Topaz Studio and Microsoft Surface

I noticed that @jack had reported some crashes when using Topaz Studio on the Microsoft Surface 4. Have other users had good or bad experiences with the Topaz Studio on the Microsoft surface? I am curious about the touch interface and pen use.

Apparently the latest Windows graphics drivers break Topaz products on the Surface Pro. It is essentially due to limited onboard memory in its GPU.

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Thanks for the feedback, @jack

I winder if it will be better on the Surface Pro 6

I am decidedly disappointed with the performance of all Topaz Studio products, including AI Gigapixel, as well as the Topaz Impression 2 plug-in, which won’t install, on my new Microsoft Surface Pro 4 computer. As an aside, I bought the Surface Pro 4 to replace a ten-year-old laptop that ran ALL the Topaz Labs products, albeit a bit slowly. But, at least they all ran without the constant crashes and painfully slow performance regularly experienced on the Surface Pro, which by the way has: 1) a newer and faster processor, 2) about the same amount RAM available to the product, and 3) faster and more powerful GPU with more RAM than my old laptop. The pen, wheel, and touch interface did seemed to work, but is really had to judge because Topaz Studio was constantly crashing before I decided to remove all Topaz Labs products from my Surface Pro 4!

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Iris 540 Graphics on the Surface Pro are not the best for the AI range of Topazlabs products, but will work using CPU (not GPU) mode. Topaz Studio will work if you rollback your drivers to one signed December 2017, but this may cause other software not to work.

Here is a link to December 2017 Windows Update Drivers - you can try rolling back.

https://downloadmirror.intel.com/27360/a08/win64_15.45.23.4860.zip

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The biggest issue with light UHD computers is that they are not designed to run graphics intensive applications that process images in virtual spaces. The Surface Pro 6 uses a Intel UHD Graphics 620 (i7) on a UHD screen.

Even on my PC using the Intel HD 630 (more powerful than the 620) it is painfully slow. Part of the limitations of the Intel architecture is that it has to share RAM for GPU processing.

It is always advisable to choose a system configuration that suites the purpose you wish to use it for. For example, only talking about NVIDIA cards, GeForce cards are intended to render virtual spaces quickly. And the Quadro cards aren’t great for rendering virtual spaces, but the GeForce cards aren’t great for CAD.

The same is true of the Intel series or AMD integrated GPU’s as you need, in my opinion, at least 16GB of RAM for any integrated GPU.

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The other thing I forgot to mention is that the HUAWEI MateBook X Pro is a beautifully specced UHD notebook.

Thank you @Torcello for the information that may be valuable to other Surface Pro users… However, as I already stated, ALL Topaz Studio products were removed from my Surface Pro.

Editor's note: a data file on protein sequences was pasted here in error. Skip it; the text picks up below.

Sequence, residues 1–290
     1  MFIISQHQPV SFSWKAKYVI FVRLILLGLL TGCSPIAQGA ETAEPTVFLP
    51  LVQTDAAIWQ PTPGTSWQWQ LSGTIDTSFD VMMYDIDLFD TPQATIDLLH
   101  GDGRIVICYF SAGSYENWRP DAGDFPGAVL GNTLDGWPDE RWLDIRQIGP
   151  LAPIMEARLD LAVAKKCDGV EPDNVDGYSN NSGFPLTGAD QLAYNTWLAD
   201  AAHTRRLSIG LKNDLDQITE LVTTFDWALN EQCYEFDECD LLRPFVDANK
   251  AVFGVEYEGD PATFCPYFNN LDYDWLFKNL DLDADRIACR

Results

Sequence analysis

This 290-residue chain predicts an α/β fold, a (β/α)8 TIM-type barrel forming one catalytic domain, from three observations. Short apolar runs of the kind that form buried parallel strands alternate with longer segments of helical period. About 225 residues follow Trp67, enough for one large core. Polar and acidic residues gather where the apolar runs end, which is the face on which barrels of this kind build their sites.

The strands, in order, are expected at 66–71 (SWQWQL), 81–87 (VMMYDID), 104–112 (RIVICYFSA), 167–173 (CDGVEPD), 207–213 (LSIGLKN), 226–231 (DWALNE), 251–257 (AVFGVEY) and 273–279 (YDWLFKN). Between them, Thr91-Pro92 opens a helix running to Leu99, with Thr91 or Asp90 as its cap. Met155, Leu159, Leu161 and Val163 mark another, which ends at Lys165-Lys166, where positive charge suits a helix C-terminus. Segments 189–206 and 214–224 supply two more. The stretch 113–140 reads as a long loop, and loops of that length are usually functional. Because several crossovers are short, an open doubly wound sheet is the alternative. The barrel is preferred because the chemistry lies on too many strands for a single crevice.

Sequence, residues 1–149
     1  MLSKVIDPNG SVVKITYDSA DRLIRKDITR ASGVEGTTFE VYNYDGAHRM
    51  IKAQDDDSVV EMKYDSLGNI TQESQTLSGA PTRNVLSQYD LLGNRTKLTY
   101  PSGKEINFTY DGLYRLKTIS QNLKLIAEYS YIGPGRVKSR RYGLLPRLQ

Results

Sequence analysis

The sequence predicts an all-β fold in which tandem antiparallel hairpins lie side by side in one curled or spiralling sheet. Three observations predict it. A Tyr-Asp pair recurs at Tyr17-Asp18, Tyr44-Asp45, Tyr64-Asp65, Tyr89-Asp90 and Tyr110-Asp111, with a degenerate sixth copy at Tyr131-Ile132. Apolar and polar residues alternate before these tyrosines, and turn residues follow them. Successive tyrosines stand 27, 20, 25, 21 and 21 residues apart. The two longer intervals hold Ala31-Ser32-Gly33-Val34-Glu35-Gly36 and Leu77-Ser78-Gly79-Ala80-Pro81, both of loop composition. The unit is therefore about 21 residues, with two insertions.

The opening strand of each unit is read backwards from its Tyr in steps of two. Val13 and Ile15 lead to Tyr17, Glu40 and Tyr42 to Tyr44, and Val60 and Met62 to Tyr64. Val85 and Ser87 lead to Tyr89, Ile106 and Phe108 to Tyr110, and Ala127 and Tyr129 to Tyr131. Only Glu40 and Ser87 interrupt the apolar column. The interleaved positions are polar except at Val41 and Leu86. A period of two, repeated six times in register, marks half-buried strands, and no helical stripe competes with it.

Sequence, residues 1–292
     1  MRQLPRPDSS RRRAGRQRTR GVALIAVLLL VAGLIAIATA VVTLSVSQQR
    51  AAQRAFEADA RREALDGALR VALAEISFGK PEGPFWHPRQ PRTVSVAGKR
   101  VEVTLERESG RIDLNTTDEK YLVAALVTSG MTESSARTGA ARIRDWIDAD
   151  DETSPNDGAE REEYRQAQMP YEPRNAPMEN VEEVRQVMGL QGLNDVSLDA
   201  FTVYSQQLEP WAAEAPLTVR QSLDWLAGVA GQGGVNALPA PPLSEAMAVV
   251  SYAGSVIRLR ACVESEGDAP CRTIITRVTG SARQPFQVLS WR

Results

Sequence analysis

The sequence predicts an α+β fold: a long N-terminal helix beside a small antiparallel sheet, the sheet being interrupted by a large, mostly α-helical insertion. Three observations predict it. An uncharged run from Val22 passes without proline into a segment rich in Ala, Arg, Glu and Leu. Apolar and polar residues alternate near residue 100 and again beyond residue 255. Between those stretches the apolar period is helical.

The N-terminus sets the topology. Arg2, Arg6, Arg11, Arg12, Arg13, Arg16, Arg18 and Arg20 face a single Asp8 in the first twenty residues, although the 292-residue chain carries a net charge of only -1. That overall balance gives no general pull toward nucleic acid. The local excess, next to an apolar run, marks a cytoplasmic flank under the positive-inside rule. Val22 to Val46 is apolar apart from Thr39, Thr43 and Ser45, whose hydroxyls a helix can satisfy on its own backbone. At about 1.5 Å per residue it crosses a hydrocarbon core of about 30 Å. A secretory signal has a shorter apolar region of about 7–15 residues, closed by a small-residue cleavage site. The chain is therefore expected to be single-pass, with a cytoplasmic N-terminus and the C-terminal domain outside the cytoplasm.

In my not so humble and highly personal opinion, one should NEVER have to roll back drivers or OS updates to make another vendor’s product work on any hardware device.

The Intel integrated GPUs only have 24 execution units and use RAM from the system as they don’t have dedicated vRAM.

I thank you @AiDon, for posting this information for other users who may be considering a Surface Pro purchase. However and in addition to your other replies in this discussion, I personally find your information irrelevant and immaterial to my personal situation because, as stated, I’ve already made a decision to uninstall Topaz Studio on my Surface Pro.

Thank you to @Torcello, @AiDon and @JennZ for sharing their knowledge and experience.

I was intrigued by the idea of a touch surface computer, but it looks like the Microsoft Surface is not ready for Topaz at all.

At least Topaz is still running great on my macs!

@KenKv

II believe the Microsoft Surface Book and recently announced Surface Book 2, both of which may be configured with nVidia discrete graphics, should be capable of running Topaz Studio and other GPU-intensive products. The Microsoft Studio and recently announced Studio 2 may also be configured with a discrete graphics card, but that option is not available for the recently announced Surface Pro 6.

You will probably spend somewhere between $2,500 and $5,000 (USD) to get a Microsoft Surface product with discrete graphics. This is why I decided to go with a Surface Pro 4, which was purchased to replace a more-than-ten-year-old laptop. The Surface Pro 4 more than adequately runs the newest versions of the Adobe Photographic suite of products, Serif Software’s Affinity products (Photo, Designer, and Publisher, which is now in public beta), the Topaz Labs plugins (with the exception of ReMask 5), all my current DxO products, and all my other image processing products including any add-ons and plugins for these products (with exception of Topaz Studio).

I am glad that all of those programs are running well for you. The surface 6 is just coming out, so I will see if the performance is better, since I am not in a hurry to buy a new machine.

I am just appalled at the startling ‘throughput’ on technology to keep up with the software changes :frowning:

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